The Lighter Side of Mysteries

Sixteen years ago, my first book appeared on the mystery scene. And Then She Was Gone was a sad tale of a lost child that had anything but a happy ending. My second novel, Overkill, concerned a school bus shooting. Hardly breezy and uplifting, I know. I wrote both long before I had a child of my own, and I doubt I could write such books now as the mother of a toddler. The world is bleak enough. My brain doesn’t need to create tragedies that I have to live with night and day until my next deadline.

After dabbling with writing dark, I signed with HarperCollins to pen a series of funny mysteries. Blue Blood (2004), the first of the Debutante Dropout books, introduced my crazy mother-daughter duo of Andy and Cissy Kendricks. Chanel-wearing society dame Cissy still harbors disappointment in her only child for refusing to debut at eighteen, after the sudden death of dear old Daddy. Andy’s still rebelling a dozen years later and trying hard to be her own person while stumbling over her fair share of dead bodies.

I had never written humor before but I so loved One for the Money, the first Evanovich riot, and I hoped that I, too, could write books that made people laugh. My sense of humor has always leaned toward smartass, and I love poking fun at the insanity of pop culture. Thank God, the Debutante Dropout Mysteries allowed me to unleash my inner goofball and go for it. Dare I say it was cathartic?

I killed off the sleazy owner of a restaurant called Jugs in Blue Blood, snuffed an obnoxious lifestyle guru in The Good Girl’s Guide to Murder, regretfully dispatched a pair of sweet old ladies in The Lone Star Lonely Hearts Club, clubbed a stripper in Night of the Living Deb, and iced a beauty queen in Too Pretty to Die. No, I wasn’t writing Shakespeare or prose worthy of a Pulitzer, but it was a great ride that folks seemed to enjoy…until the ride abruptly stopped.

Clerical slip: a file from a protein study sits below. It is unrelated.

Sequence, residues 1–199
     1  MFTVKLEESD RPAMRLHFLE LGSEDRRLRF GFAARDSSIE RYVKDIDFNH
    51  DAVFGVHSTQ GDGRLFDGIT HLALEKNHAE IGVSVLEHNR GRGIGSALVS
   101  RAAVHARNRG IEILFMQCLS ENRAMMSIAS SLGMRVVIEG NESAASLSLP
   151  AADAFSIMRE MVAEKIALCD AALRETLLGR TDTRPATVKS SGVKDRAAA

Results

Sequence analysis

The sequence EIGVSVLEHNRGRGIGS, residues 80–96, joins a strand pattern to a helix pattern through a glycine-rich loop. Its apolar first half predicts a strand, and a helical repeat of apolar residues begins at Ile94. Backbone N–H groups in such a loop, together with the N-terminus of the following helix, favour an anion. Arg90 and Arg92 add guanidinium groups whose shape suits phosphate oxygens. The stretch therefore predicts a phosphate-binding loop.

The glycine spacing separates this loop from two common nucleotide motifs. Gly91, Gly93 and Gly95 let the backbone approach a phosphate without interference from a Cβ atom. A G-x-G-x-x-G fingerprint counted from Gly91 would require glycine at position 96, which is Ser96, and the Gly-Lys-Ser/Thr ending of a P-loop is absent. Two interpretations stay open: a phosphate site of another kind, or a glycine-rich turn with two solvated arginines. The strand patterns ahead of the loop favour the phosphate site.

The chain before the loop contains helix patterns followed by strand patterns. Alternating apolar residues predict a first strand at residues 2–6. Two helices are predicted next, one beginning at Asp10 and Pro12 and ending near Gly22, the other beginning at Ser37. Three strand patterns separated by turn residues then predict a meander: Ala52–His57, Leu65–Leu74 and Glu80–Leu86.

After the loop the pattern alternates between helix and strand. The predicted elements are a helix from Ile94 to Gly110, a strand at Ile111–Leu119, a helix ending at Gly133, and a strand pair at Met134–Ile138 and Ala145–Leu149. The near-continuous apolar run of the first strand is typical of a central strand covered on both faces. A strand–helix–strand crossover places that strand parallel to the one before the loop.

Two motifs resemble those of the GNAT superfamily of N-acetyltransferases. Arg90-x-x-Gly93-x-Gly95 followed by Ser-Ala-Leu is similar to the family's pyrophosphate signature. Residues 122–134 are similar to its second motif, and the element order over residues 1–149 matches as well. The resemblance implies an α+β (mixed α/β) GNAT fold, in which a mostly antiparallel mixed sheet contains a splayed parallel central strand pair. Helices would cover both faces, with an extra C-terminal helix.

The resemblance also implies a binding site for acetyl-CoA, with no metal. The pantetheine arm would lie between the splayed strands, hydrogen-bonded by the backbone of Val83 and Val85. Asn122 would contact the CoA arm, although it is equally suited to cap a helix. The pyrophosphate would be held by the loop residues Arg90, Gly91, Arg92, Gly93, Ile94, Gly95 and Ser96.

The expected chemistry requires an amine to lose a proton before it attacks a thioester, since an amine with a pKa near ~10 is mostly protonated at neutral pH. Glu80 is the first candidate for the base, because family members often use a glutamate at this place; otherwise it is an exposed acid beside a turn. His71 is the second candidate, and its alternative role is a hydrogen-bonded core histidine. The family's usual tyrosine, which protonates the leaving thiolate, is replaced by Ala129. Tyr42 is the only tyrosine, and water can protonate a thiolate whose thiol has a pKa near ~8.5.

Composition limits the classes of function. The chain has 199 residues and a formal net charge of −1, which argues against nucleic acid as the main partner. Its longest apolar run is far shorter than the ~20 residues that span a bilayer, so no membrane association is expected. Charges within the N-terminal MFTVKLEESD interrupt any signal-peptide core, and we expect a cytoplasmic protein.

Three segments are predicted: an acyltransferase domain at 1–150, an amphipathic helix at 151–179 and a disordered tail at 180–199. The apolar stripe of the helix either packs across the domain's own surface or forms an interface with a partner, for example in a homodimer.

Things happened in my book life and my real life that forever changed my path. I found myself battling breast cancer and getting married, and my priorities shifted. I had a strong urge to write books that stirred me, emotional and magical tales of women and families, mixing equal parts drama and humor. It felt right at the time. Still, I missed my mystery roots, though every book I ever wrote had threads of mystery running through it.

And then—oh, baby!—I got pregnant at 47 and had a beautiful, healthy child. I was filled with joy (and fatigue) and, not surprisingly, I didn’t ever want to write about death again. I wanted to celebrate being a first-time mom at such a ripe, old—er, wise—age, which led to my decision to take a sabbatical from writing. Perhaps I didn’t quite understand what sabbatical meant as it only lasted a month or two until the resurrection of the Debutante Dropout Mysteries as e-books put me on the USA Today bestsellers list.

Before I knew it, I was revising three cozies I had socked away in my basement, which became the Helen books with HarperCollins, starting with To Helen Back. I was asked to concoct another Deb Dropout Mystery as well, and said, “Yes,” figuring it was time for Andy and Cissy to return after a seven-year hiatus. I was still getting emails from loyal fans asking about the pair, and it was good to finally say, “They’re ba-a-a-ack!”

“So you’re going back to writing light books?” I was asked, like it was a demotion, and I was reminded of my early mystery days when it was drummed into my head that only the dark mysteries won awards. Hard-boiled writers made fun of soft-boiled authors and covers with cats and crosswords and cake. But I don’t care. There is no shame in writing humor. In this day and age when the nightly news seems more and more like a horror flick, I’d rather make people laugh than make them squirm.

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